“Chaotic” Brexit Debate Is About Real Issues

To many, the Brexit debate in the UK Parliament and media feels confusing, chaotic, even off-topic and demagogic. I argue that the issues of the debate are real. Leaving the EU (or not) requires resolving the fundamental question “what do we stand for”. Finding one’s own path rather than having it plotted by others is more difficult and takes time – but it is also more rewarding.

Those who do not appreciate the size of the task will indeed find the debate in the UK chaotic. In a panel discussion on Channel 4 TV, Sabine Weyand, deputy to EU chief negotiator Michel Barnier, expresses her frustration at the rejection of the Brexit treaty by Parliament. She stresses the good will of the EU regarding any workable solution for the Irish border. Why will the UK [Parliament] not accept a solution that it [the UK government] has itself drafted and is free to improve on? Why does the UK discussion [to her] feel strangely “uninhibited by what is actually in the Brexit contract”, as Mrs Weyand ironically phrases it?

It is clear that the May cabinet and the EU have negotiated a deal in good faith, a deal that will legally work and that is within the bounds of what is acceptable to both sides in a technocratic sense.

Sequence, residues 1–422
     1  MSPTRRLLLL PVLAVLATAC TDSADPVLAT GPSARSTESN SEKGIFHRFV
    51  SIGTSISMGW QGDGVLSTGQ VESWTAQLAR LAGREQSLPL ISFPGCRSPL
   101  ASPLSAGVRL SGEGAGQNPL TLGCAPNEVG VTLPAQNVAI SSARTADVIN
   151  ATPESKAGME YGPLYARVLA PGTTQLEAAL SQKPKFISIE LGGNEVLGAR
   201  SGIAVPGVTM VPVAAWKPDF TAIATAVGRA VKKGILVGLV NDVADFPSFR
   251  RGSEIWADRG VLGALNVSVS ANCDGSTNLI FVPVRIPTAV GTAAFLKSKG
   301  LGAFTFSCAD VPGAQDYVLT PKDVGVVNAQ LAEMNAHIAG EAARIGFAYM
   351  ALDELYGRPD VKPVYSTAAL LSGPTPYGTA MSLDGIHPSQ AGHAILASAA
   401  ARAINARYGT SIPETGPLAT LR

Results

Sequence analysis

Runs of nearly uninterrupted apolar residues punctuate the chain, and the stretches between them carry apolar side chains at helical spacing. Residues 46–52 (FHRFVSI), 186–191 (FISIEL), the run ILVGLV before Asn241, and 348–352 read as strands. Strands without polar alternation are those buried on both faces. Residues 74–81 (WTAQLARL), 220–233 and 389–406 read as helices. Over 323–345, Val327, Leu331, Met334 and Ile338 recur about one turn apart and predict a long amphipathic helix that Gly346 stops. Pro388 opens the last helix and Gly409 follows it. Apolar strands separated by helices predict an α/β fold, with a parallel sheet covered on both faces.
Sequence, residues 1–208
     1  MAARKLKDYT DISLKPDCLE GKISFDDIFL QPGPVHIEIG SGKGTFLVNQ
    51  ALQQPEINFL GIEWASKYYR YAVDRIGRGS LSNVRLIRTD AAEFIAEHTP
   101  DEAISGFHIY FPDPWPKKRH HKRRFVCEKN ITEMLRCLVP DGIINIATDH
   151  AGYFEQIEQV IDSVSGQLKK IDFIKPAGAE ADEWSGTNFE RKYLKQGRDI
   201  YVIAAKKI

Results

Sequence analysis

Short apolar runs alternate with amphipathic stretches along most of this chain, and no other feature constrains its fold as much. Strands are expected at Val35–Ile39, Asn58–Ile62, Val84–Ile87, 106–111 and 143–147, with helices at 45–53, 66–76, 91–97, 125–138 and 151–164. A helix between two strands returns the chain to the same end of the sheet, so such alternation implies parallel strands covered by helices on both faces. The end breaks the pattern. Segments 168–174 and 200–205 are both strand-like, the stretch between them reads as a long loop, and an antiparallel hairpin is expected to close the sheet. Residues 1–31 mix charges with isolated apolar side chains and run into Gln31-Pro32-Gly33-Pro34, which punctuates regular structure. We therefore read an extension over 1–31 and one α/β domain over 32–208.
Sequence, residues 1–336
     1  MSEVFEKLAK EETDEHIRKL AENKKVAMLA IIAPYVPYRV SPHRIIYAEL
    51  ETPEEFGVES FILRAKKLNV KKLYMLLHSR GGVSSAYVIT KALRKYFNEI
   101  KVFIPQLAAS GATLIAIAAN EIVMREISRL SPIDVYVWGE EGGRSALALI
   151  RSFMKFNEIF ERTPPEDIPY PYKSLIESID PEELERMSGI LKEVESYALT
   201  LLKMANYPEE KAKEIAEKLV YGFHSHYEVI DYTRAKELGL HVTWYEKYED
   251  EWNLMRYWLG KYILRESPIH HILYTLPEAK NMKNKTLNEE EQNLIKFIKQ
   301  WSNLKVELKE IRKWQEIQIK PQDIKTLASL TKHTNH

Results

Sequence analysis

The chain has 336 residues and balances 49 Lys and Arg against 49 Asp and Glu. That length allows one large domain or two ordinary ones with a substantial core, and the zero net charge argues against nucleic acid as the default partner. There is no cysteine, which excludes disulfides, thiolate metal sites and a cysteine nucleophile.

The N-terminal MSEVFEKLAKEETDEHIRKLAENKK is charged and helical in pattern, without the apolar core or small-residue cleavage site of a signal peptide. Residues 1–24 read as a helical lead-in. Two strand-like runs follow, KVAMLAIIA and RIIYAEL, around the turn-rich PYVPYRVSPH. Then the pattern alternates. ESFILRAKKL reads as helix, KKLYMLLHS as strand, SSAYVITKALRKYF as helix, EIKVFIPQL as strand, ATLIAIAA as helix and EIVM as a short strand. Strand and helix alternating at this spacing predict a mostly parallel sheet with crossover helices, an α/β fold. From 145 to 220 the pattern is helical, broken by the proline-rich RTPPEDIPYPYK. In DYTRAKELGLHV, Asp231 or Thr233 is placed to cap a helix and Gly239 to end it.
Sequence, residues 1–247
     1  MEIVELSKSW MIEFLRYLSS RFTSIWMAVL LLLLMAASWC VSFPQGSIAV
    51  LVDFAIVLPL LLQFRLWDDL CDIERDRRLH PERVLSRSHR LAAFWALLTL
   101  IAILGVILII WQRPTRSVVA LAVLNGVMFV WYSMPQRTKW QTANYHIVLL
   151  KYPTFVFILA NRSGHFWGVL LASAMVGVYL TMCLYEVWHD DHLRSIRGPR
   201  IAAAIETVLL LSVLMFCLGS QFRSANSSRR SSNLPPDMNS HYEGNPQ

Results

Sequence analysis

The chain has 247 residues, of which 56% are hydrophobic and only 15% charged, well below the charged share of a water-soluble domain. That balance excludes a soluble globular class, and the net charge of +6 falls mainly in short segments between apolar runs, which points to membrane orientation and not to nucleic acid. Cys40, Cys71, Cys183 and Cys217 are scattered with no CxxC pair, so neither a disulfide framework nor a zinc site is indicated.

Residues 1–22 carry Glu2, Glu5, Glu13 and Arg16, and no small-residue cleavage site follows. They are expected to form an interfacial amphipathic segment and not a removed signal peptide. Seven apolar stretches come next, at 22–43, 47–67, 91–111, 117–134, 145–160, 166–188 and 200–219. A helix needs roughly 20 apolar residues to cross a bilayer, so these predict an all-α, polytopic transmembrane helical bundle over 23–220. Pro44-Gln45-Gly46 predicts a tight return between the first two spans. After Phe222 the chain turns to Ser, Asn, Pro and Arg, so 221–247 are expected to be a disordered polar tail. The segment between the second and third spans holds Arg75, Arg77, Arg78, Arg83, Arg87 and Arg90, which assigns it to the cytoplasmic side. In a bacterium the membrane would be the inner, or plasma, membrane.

This does not mean however that the question of whether to accept the deal or not has become any easier for the UK Parliament. An answer indeed does require a profound deliberation about sovereignty, the unity of the country and a vision for the economy. Only then can costs be weighed against benefits. That most of the debate in the UK has focused on these questions rather than the fine-print of the deal is not only understandable but necessary. This truth seems to completely pass Mrs Meyand by. Her side, the EU side, is just staying their course. It is the UK that have to navigate a difficult change.

How to bring order to the chaos? What the UK needs now is a tangible vision of a positive future. With its academic excellence, financial infrastructure, diversified economy and worldwide connections and as a home of freedom and self-determination, all elements are there for the picking.


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